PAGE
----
Thursday, October 2, 2014

Delta IV Rocket for Orion Test Flight Rolls Out to Launch Pad

The Delta IV rocket slated to carry NASA's Orion capsule into space in December is lifted into the vertical position at Cape Canaveral Air Force Station Launch Complex 37, Wednesday, Oct. 1, 2014. Credit: ULA

The rocket that will boost NASA's Orion capsule on its first spaceflight in just over two months is standing on its launch pad, a day later than planned due to this week's persistent rain. Conditions finally cleared to allow United Launch Alliance (ULA) to begin rolling a Delta IV Heavy rocket out of its processing hangar at Cape Canaveral Air Force Station at 9:50 p.m. Tuesday. Orion was moved Sunday out of the Payload Hazardous Servicing Facility at NASA’s Kennedy Space Center in Florida and the Delta IV Heavy rocket, built by ULA, made its move Tuesday night, to nearby Space Launch Complex 37 at Cape Canaveral Air Force Station, Florida. It was raised Wednesday from the horizontal position into its vertical launch configuration. “This is a tremendous milestone and gets us one step closer to our launch later this year,” said Tony Taliancich, ULA’s director of East Coast Launch Operations. “The team has worked extremely hard to ensure this vehicle is processed with the utmost attention to detail and focus on mission success."

The Heavy configuration, which is made up of three Delta IV core stages with one RS-68 engine, is one of the strongest rockets available to NASA while the agency builds the Space Launch System.

“The Delta IV Heavy is the world’s most powerful launch vehicle flying today, and we are excited to be supporting our customer for this critical flight test to collect data and reduce overall mission risks and costs for the program,” said Taliancich.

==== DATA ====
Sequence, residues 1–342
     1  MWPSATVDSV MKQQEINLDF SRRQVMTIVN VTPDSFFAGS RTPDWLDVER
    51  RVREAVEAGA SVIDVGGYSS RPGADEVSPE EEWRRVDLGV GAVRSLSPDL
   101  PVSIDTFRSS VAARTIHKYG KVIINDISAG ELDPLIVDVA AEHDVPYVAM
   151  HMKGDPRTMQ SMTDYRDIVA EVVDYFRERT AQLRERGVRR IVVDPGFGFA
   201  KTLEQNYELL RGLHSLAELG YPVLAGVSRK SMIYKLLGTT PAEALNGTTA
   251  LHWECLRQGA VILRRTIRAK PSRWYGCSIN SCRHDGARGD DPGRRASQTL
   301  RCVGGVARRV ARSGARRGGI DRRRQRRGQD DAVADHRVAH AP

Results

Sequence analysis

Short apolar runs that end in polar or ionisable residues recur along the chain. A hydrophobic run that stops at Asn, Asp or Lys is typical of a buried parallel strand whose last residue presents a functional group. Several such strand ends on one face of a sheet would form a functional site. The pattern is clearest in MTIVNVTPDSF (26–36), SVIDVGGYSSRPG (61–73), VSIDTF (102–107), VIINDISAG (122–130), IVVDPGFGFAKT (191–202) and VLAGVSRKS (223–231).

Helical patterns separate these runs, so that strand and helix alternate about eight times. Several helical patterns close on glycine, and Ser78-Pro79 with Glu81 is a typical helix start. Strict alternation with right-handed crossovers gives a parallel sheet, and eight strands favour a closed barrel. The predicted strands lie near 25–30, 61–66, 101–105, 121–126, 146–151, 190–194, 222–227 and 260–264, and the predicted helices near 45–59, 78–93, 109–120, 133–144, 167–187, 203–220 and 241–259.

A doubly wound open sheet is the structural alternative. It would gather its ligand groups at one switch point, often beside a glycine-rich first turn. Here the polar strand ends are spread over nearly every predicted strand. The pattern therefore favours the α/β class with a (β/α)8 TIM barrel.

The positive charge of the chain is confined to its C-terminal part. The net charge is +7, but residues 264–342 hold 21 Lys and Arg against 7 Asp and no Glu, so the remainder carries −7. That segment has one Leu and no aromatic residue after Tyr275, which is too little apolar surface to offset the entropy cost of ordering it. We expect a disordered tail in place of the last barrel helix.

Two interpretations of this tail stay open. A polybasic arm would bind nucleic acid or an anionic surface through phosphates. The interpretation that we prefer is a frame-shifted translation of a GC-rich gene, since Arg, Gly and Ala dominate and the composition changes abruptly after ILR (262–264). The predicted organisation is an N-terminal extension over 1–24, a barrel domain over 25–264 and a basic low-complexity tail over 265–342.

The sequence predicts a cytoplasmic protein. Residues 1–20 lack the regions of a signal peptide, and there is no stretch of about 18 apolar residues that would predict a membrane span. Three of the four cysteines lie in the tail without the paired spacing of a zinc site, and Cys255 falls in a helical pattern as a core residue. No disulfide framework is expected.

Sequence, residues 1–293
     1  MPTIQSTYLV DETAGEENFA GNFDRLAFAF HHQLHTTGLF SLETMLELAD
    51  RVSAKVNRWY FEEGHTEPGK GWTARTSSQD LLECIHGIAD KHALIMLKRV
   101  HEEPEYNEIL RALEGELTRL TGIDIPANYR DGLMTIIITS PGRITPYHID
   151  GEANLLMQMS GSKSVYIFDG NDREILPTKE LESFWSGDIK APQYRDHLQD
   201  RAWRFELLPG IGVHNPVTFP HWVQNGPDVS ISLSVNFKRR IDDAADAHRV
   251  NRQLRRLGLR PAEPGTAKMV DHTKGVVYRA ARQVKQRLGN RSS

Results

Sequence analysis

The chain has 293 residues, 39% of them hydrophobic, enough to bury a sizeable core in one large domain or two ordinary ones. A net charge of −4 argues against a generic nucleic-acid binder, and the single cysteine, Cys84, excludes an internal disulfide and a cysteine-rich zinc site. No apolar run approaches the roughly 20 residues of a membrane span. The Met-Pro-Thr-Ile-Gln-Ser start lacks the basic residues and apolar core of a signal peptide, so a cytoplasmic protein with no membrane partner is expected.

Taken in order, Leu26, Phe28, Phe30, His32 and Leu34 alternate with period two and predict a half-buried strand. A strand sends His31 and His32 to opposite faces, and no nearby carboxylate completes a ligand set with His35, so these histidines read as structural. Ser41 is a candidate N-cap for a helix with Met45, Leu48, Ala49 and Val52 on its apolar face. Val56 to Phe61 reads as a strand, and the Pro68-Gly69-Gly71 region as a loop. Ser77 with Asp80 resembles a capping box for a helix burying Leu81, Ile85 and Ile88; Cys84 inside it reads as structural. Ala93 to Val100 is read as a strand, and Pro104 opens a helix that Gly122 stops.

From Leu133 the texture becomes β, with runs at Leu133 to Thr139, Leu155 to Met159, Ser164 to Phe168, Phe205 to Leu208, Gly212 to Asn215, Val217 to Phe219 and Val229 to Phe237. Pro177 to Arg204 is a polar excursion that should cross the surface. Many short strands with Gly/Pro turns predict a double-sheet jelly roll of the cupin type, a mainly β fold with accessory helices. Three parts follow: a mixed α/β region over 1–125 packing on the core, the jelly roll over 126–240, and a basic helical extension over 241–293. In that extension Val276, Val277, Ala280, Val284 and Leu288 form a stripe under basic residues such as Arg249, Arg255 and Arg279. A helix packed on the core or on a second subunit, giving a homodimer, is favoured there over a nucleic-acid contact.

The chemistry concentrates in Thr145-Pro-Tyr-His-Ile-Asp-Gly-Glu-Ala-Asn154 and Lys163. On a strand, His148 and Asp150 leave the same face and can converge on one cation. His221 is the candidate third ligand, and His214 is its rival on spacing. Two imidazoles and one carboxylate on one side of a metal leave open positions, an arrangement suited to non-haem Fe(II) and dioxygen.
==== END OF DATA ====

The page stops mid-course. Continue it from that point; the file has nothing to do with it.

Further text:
The rocket’s three Common Booster Cores were tested, processed and attached to each other to form the first stage that will connect to Orion’s service module.

“We’ve been working toward this launch for months, and we’re in the final stretch,” said NASA's Kennedy Space Center Director Bob Cabana. “Orion is almost complete and the rocket that will send it into space is on the launch pad. We’re 64 days away from taking the next step in deep space exploration.”

The United Launch Alliance Delta IV Heavy rocket that will send NASA’s Orion spacecraft on its first flight test in December was moved to its vertical launch position Oct. 1 at Space Launch Complex 37 at Cape Canaveral Air Force Station in Florida. The rocket is secured on the Elevated Platform Transporter. Image Credit: NASA/Dimitri Gerondidakis
The United Launch Alliance Delta IV Heavy rocket that will send NASA’s Orion spacecraft on its first flight test in December was moved to its vertical launch position Oct. 1 at Space Launch Complex 37 at Cape Canaveral Air Force Station in Florida. The rocket is secured on the Elevated Platform Transporter. Image Credit: NASA/Dimitri Gerondidakis

ULA will conduct a high fidelity rehearsal to include fully powering up the booster and loading the tanks with fuel and oxidizer. In November the Orion spacecraft, built by prime contractor Lockheed Martin, will be moved to the pad and placed on top of the Delta IV rocket.

Following its targeted Dec. 4 launch, the Delta IV Heavy will send Orion 3,600 miles above Earth to test the spacecraft’s systems most critical to crew safety. After orbiting Earth twice, Orion will reenter Earth’s atmosphere at 20,000 miles per hour, generating temperatures near 4,000 degrees Fahrenheit, before it splashes down in the Pacific Ocean. The launch window on Dec. 4 is 7:04 a.m. to 9:44 a.m.

Orion is being built to send humans farther than ever before, including to an asteroid and Mars. Although the spacecraft will be uncrewed during its December flight, which is designated Exploration Flight Test-1, the crew module will be used to transport astronauts safely to and from space on future missions. Orion will provide living quarters for up to 21 days, while longer missions will incorporate an additional habitat to provide extra space.

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